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Universalities of conductivity spectra in protonic conductors

Tuesday, 04.04.2017 15:30 to 16:30

Speakers: Paweł Ławniczak (Institute of Molecular Physics Polish Academy of Sciences, Poznań, Poland)
Place: semiar room 117 of IoP, Slovanka
Presented in English
Organisers: Department of Dielectrics


Frequency dependencies of conductivity σ′(ω), [σ(ω) = σ′(ω) – iσ″(ω)] of the most common disordered ion conductors show a lot of similar properties. Among the most important features belong universal properties of conductivity spectra, so called first and second universalities. The first universality is a characteristic frequency dependence of the real part of electric conductivity and refers to thermally activated hopping mechanism of ionic movement through solid state. The second universality is the effect observed at sufficiently low temperatures or high frequencies. Translational movements of ions through solid state do not contribute to dielectric loss. Because of this, the second universality is often called Nearly Constant Loss (NCL) effect. Such universalities are commonly observed in many various polymers and glasses, despite significant differences in structure and type of ionic charge carriers in those materials.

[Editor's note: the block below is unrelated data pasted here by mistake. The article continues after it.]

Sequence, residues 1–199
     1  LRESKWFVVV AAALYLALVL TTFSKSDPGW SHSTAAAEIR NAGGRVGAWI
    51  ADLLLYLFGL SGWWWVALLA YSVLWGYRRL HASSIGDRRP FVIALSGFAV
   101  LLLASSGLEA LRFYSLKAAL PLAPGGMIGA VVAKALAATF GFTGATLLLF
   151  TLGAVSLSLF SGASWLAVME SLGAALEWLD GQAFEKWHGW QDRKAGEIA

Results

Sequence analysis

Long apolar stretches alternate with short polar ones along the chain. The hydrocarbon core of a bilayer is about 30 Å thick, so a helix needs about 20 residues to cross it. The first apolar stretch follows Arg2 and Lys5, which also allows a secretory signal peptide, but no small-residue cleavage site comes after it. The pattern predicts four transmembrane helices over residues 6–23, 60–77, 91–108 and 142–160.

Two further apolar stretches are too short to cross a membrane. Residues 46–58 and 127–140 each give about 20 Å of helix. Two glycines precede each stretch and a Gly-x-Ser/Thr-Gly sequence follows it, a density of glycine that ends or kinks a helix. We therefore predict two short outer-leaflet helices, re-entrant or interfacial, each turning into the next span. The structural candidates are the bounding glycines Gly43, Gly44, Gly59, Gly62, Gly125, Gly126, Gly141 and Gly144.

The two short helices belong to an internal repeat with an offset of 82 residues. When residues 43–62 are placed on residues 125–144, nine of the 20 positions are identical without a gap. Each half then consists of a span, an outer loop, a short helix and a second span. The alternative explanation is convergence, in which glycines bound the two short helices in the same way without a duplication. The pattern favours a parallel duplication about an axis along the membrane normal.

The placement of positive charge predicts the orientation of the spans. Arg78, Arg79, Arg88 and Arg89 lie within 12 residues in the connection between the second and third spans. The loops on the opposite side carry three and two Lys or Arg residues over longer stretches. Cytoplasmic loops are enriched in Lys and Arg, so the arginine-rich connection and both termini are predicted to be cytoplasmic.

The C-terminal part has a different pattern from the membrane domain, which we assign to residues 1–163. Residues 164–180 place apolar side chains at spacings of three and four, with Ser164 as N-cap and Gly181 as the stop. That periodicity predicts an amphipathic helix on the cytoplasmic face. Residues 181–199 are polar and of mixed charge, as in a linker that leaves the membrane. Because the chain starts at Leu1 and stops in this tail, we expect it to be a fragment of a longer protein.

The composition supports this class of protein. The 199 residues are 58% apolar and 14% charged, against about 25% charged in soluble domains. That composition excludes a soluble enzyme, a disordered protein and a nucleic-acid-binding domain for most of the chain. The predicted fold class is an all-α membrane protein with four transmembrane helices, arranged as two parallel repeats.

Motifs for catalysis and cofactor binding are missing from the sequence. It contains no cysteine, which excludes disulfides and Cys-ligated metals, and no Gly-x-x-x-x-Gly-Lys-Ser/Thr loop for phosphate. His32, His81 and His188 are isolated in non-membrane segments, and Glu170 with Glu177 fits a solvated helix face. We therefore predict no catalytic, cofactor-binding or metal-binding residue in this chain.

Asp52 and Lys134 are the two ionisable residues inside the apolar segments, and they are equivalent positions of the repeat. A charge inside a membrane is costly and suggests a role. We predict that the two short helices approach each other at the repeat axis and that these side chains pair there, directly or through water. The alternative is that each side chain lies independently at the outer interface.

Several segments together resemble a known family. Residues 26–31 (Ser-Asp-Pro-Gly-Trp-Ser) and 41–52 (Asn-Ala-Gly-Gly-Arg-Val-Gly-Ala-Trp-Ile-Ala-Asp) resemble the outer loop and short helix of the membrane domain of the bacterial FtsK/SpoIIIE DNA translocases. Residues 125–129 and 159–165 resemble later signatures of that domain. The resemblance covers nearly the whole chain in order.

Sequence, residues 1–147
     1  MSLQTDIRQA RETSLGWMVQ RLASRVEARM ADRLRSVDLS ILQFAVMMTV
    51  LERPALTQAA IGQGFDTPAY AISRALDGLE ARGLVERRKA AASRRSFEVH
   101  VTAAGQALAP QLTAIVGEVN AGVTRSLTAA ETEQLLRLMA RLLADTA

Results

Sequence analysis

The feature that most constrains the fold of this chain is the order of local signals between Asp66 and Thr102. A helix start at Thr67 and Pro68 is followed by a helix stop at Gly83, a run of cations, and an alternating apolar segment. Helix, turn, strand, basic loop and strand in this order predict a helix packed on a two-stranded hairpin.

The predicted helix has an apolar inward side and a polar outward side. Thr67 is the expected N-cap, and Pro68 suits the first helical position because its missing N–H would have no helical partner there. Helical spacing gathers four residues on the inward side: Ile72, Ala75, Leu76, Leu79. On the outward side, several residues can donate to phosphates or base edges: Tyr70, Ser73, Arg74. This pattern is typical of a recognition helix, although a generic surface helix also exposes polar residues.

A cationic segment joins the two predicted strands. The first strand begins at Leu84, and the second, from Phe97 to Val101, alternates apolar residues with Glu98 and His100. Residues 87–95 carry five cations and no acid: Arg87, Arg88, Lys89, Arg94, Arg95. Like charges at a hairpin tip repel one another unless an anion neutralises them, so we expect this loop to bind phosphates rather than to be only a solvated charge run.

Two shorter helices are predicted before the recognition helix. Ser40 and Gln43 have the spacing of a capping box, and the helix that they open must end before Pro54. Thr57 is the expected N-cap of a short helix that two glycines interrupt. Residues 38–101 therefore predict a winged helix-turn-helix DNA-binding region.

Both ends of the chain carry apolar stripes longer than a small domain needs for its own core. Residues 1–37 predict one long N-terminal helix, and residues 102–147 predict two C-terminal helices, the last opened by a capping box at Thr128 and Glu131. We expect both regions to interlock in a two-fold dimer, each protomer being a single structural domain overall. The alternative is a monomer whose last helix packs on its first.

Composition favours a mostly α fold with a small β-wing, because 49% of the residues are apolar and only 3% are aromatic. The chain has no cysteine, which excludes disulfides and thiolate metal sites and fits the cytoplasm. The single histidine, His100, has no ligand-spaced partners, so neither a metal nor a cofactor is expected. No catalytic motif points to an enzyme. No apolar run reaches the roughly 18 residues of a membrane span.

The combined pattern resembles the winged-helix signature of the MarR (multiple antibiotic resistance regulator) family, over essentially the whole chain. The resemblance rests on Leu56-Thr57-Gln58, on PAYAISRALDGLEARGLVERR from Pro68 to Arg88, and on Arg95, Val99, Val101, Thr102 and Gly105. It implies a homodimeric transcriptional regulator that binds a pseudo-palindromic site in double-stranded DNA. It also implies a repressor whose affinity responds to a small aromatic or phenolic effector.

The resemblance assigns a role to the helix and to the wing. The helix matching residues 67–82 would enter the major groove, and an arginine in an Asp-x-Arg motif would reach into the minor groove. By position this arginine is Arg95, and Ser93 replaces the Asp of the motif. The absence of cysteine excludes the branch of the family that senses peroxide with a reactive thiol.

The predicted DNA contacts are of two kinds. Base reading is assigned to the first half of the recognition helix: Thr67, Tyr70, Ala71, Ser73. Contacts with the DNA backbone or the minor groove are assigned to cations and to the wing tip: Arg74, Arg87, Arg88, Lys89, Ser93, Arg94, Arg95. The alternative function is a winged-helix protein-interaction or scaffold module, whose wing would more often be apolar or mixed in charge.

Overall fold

Recently [1–3] we have shown that similar universal conductivity response can also be observed in crystalline, hydrogen bonded proton conductors such as organic conductors, build of heterocyclic molecules (i.e. imidazole) with dicarboxylic acid. This contribution aims to prove that the same effect exist also in crystalline proton conductors, such as (NH4)3H(SO4)2 or (NH4)3H(SeO4)2, which undergoes phase transition from low conducting to high conducting phase. Although the mechanism and dynamics of proton migration through the lattice changes significantly at the transition temperature Ts, it does not influence the conductivity frequency response.

[1] Ławniczak et al., Solid State Ionics 225 (2012) 268.
[2] M. Zdanowska-Frączek et al., Solid State Ionics 227 (2013) 40.
[3] P. Ławniczak et al., accepted in Solid State Ionics.